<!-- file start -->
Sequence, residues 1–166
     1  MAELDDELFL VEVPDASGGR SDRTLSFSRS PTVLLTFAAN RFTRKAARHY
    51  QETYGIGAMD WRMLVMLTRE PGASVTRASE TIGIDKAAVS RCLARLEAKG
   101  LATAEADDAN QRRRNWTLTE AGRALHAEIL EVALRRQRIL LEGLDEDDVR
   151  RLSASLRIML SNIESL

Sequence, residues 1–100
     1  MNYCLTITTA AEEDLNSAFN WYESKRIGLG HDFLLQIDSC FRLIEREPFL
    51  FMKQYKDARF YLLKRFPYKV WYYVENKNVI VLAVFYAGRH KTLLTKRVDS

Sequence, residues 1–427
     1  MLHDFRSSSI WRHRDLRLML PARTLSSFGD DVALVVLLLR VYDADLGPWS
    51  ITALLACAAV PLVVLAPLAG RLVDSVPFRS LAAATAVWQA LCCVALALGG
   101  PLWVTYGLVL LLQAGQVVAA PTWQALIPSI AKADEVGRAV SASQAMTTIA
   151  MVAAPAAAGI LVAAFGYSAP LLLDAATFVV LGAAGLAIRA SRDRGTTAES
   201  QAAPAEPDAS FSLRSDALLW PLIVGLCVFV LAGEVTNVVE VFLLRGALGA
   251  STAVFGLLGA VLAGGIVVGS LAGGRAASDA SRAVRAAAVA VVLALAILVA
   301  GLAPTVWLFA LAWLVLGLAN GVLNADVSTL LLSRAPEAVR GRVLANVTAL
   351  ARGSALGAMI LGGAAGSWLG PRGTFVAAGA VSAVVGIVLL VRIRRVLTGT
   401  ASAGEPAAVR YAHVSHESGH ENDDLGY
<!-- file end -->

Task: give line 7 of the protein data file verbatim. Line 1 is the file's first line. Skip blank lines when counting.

     1  MNYCLTITTA AEEDLNSAFN WYESKRIGLG HDFLLQIDSC FRLIEREPFL